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TEAM OF THE WEEK: Arizona Wildcats

Arizona blew out Cal by 28 points. Then they took a 25 point second half lead on Stanford. This came after beating Colorado by 27 points in Boulder. Arizona’s back, baby.

What’s changed is that Sean Miller has opened up the floor. The Wildcats are running more. They are taking advantage of the myriad of athletes Sean Miller has at his disposal — Nick Johnson, Rondae Hollis-Jefferson and Aaron Gordon — and allowing them to make plays on both ends of the floor instead of playing grind-it-out half court games where his group struggles to find any kind of consistency on the offensive end in the half court.

Is Arizona the favorite to win the national title right now? That’s hard to say. What isn’t hard to say, however, is that Arizona is playing better than anyone else in the country right now.

They were good, too:

  • Oregon: The Ducks swept their LA road trip, beating UCLA in Pauley Pavilion in double-overtime. Mike Moser led the way, averaging 16.0 points, 16.0 boards and 4.5 assists in the two wins.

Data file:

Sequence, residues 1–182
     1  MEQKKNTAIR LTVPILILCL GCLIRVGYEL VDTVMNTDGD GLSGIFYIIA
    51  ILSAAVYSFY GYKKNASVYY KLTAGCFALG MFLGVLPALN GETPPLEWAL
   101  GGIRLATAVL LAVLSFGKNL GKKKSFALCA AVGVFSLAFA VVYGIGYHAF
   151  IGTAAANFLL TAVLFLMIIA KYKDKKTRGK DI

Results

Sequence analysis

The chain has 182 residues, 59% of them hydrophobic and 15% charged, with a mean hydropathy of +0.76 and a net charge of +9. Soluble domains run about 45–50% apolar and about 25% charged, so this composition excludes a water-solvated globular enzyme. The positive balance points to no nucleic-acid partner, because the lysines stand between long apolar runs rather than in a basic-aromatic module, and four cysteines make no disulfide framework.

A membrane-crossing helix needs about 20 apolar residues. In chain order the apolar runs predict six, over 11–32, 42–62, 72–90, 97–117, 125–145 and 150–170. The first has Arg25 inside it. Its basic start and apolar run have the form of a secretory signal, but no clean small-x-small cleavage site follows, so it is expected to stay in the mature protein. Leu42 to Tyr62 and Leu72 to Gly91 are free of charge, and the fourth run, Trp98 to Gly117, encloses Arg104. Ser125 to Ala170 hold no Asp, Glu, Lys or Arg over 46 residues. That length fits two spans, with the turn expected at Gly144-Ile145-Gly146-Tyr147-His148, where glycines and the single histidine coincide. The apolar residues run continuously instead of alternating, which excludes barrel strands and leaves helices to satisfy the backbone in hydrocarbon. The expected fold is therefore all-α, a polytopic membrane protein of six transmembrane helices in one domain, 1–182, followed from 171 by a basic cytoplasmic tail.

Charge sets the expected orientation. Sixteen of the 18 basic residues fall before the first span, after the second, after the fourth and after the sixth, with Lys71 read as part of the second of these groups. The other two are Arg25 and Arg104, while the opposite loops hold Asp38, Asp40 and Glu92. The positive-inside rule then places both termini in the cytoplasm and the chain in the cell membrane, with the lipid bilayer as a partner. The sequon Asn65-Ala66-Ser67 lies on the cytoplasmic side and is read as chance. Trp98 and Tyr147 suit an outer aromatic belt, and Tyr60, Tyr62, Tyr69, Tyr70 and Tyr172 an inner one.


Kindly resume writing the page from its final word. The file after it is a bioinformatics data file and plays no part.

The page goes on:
• Wichita State: 31-0. That’s all you need to know.
  • UConn: After slogging their way through a win at South Florida, UConn knocked off Cincinnati at home. They’re still a game out of all-important third place in the American.
  • VCU: The Rams bounced back from three losses in four games, picking off Fordham on the road and following that up with a win over Saint Louis in Richmond. Shaka Smart’s crew is still two games out of first place in the Atlantic 10.
  • Arizona State: The Sun Devils cemented a spot in the NCAA tournament by sweeping Cal and Stanford at home. Win at Oregon and Oregon State next week, and Herb Sendek will have steered his team into third-place in the Pac-12.

Roach scores 20 as Texas beats No. 8 Texas Tech 67-58

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AUSTIN, Texas — Kerwin Roach II scored 20 points in a surprise return to the lineup and Texas got another home win over a Top 25 opponent in a week, beating No. 8 Texas Tech 67-58 Wednesday night.

Roach, who had missed the previous two games with a fracture in his left, non-shooting hand, was expected to miss a few more. But he suited up for pregame warmups and was cleared to play right before tipoff.

Roach gave the Longhorns a new threat both inside and out with his 3-point shooting and aggressive drives to the basket. The Longhorns — who beat then-No. 16 TCU 99-98 in double-overtime last Wednesday — also played their best defense in weeks, anchored by freshman center Mo Bamba under the basket. Bamba had 15 points, 11 rebounds and five blocks.